Walking in my university’s library I came across the book whose spine read: Honest Always Walks Alone. I pulled it from the shelf and flipped its pages. I was thinking about my grandfather, and all the ethical people I knew in my small world: Gandhi, Lincoln, Martin Luther King, Mandella. People who had taught me to do the right thing in life. People who urged me to be truthful and who hoped that I would not deal in lies. People who demanded that I be just. People who wished that I make decisions in this life thinking not just about myself, but also about those around me. See, I have been raised like that. When my cousins would visit my home during summer vacation, my home would become their home. My cousins would become the immigrants who’d take my place in the family, they’ll become the centre of attraction—the new hot THING, they’ll get all their wishes fulfilled, they’ll have the ownership of the remote of the television, they’ll sleep on my bed, and they’ll get a pardon for the crimes for which I own slap receipts. At the tender age of eight, I knew what the immigrant crisis was like. I was young, naive, and insecure. So one day, I asked my father, why is it like that? And he brushed my hair, and with his ever endearing eyes told me: they must feel belonged. Don’t worry, just because we love your cousins when they are here, doesn’t mean that we love you any less. You should join us and help us make them feel at home, your home, their home. That was the right thing to do, even though I knew it wasn’t the easy one. This was one of the most profound lessons of my early life. My father taught me that there was virtue in being secure. And that it wasn’t for the faint-hearted. There is a higher loyalty that you have with this universe. It’s bigger than your personal loyalties. The loyalty that asks you to always be just and truthful, seldom bothering of the consequences.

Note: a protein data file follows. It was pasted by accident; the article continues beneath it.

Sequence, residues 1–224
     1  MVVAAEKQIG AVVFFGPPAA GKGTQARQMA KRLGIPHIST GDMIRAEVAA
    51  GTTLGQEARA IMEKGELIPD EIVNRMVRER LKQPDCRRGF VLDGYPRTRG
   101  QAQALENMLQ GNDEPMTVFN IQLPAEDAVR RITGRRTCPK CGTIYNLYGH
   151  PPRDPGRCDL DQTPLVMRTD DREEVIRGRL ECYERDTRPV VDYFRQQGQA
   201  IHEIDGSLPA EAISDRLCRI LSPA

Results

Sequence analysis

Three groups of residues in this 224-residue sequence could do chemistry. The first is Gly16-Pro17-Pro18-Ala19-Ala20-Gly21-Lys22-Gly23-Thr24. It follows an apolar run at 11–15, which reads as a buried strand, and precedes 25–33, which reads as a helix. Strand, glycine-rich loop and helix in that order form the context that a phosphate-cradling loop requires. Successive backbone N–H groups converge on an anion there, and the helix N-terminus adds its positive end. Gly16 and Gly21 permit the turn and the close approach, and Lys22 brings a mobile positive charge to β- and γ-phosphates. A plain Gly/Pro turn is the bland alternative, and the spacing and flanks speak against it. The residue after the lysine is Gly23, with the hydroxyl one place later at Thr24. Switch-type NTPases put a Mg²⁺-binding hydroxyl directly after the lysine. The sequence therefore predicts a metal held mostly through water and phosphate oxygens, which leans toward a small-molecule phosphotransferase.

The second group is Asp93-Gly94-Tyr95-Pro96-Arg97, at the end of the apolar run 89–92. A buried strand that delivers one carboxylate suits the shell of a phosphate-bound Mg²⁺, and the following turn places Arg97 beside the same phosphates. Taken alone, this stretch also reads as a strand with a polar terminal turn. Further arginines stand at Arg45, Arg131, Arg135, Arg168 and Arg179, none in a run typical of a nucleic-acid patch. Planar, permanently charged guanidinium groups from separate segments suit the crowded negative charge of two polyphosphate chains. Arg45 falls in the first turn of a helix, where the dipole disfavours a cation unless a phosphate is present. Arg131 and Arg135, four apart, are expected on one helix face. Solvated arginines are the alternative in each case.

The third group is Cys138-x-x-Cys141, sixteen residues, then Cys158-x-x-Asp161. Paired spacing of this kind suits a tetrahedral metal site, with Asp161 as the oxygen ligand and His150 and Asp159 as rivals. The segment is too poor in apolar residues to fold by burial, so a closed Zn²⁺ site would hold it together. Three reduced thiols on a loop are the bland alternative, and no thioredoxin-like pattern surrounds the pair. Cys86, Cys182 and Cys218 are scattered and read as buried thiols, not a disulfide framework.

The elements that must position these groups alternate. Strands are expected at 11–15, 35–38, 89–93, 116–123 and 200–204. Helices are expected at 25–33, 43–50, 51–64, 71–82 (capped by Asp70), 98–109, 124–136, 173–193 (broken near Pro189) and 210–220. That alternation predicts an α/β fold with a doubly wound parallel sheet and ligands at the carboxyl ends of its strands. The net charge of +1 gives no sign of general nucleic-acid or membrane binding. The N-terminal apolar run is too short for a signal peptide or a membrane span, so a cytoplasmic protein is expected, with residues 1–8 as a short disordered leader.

When I came across A Higher Loyalty, I don’t even remember how and when did I came across this book—it’s been living in my kindle unread and rent-free for over two years, I knew this was something I want to read. I had no clue who the author was or what was this book exactly about. When I read it, I found out that this book was exactly what I had hoped it to be, even better. It contains political drama, therefore it is only reasonable to assume that it’s going to get polarized reactions. But I promise to you that if you suspend your disbelief for the political ideology and just listen to the man talking about leadership, you’ll reward yourself with the gains of a lifetime that has thought, preached, and practised ethical leadership (I know you might not agree on the practice part, and that’s all right).